News of Mark Ronson’s first album in four years has proved a promotional double whammy: not only has social media been ablaze with praise for infectious lead track “Uptown Funk”, a collaboration with Bruno Mars, but more thoughtful outlets have been intrigued that the well-connected producer has been working with an author, Michael Chabon.
This Pulitzer prize-winning novelist agreed to contribute lyrics to Ronson’s forthcoming Uptown Special, an unfamiliar project even for an avowed music fan and a rare meeting of high and low-brow culture. That Chabon agreed to participate is intriguing.
Ronson explains he was originally entranced by Chabon’s 2000 epic The Amazing Adventures of Kavalier & Clay, though had also sussed from the more recent Telegraph Avenue – set partly in a second-hand-record store – that the novelist was familiar with pop culture. So when he began work a year ago on a follow-up to 2010’s Record Collection and felt he needed a fresh direction, the artist contacted the author. Ronson has said he sought lyrics that were “more ambitious, that were about more than heartache or the dance floor and actually told stories”.
A worthy ambition, though past efforts suggest enticing authors from their garrets may not result in an especially fruitful partnership. Writers are understandably wary of getting closely entwined with pop. But you cannot accuse the literary world of looking down on contemporary music, not after Hanif Kureishi’s Buddha of Suburbia with its allusions to Seventies punk or Salman Rushdie’s The Ground Beneath Her Feet, a rock-star reboot of the Orpheus myth. Indeed, that 1999 work led to an unexpected meeting of authorial and musical minds. In the book, Rushdie devised lyrics to a song written by one of its two protagonists (“Go lightly down your darkened way/ Go lightly underground/ I’ll be down there in another day/ I won’t rest until you’re found”). Apparently, Bono read a manuscript of Ground and was so impressed he encouraged U2 to compose a melody for it. The author was flattered. Unfortunately, U2’s label were less happy as the band were about to release 2000 album All That You Can’t Leave Behind, so the track was earmarked for the soundtrack to tedious film The Million Dollar Hotel, before appearing as a bonus on U2’s album.
Instead, most planned collaborations are geared instead towards rock’s more intellectual end, with one of the most fruitful recently revealing its latest iteration: that between writer Polly Samson and her husband, David Gilmour.
Even then, when Samson first worked with his band Pink Floyd she had yet to publish a collection of short stories (Lying in Bed came out in 1999). The daughter of a writer, she had occasional pieces of fiction appearing in weekly magazines or Sunday supplements. When Gilmour and Samson got together, ahead of Floyd’s 1994 album The Division Bell, the prog giants were regrouping after the bruising experience of recording and touring their effort from seven years before, A Momentary Lapse of Reason. Gilmour had found leading the group without Waters hard going and had been abusing cocaine.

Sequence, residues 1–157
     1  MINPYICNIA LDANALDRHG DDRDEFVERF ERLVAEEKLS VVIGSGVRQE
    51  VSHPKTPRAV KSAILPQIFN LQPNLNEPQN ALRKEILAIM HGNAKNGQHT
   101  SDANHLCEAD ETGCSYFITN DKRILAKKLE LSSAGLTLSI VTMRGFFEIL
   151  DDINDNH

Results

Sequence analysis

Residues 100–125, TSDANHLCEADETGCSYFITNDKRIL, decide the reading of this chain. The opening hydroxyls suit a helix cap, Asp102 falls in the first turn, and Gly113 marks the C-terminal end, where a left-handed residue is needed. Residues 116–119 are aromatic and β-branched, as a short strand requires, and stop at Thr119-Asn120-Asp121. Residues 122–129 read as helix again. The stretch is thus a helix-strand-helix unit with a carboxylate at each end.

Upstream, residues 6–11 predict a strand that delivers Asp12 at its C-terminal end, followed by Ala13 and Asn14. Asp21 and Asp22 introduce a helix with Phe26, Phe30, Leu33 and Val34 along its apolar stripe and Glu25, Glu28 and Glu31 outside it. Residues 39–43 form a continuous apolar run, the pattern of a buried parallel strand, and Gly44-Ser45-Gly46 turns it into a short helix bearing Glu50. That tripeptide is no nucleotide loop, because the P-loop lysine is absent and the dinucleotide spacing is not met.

His partner (they married in 1994) initially provided emotional support, but ended up with seven co-writes, including the deeply personal “High Hopes” about Gilmour’s childhood (“In a world of magnets and miracles/ Our thoughts strayed constantly and without boundary”) and the slyly sardonic ‘“A Great Day For Freedom”. In 2006, Gilmour returned with solo album On an Island. This time, Samson came billed as principal lyricist for a record that again topped the UK chart. Now she has gained another footnote in Floyd history, with a credit on “Louder Than Words”, the only vocal Gilmour sings on the group’s promised final album, Endless River, itself a set mainly built from Division Bell outtakes, a welcome change to its generally ambient feel.
In 2007, Idlewild frontman Roddy Woomble curated Ballads of the Book, an album that matched Scottish writers with musicians for individual tracks. The cream of the nation’s literati – among them Ali Smith, Michel Faber and Alasdair Gray – teamed up with the likes of James Yorkston and Vashti Bunyan. The result was lacklustre, bar odd gems such as Aidan Moffat and Ian Rankin, coming together on “The Sixth Stone” to tell the story of erstwhile Rolling Stone founder and keyboardist Ian Stewart.
We will not know until next January whether Chabon has revelled in the freedom of pop writing to focus on each number as its own self-contained piece or attempted a more complicated exercise. So far, Ronson has only unveiled one fruit of the author’s labours – the funky psych-pop of “Daffodils”. With lines such as “run your fingers down the cool underbelly of the blue evening”, Chabon is already providing kudos for an artist better known for reworking other people’s tracks. He may want Chabon to provide artistry, but he still needs Mars to provide a hit.
Mark Ronson’s single ‘Uptown Funk’ featuring Bruno Mars is out on 11 January on Columbia
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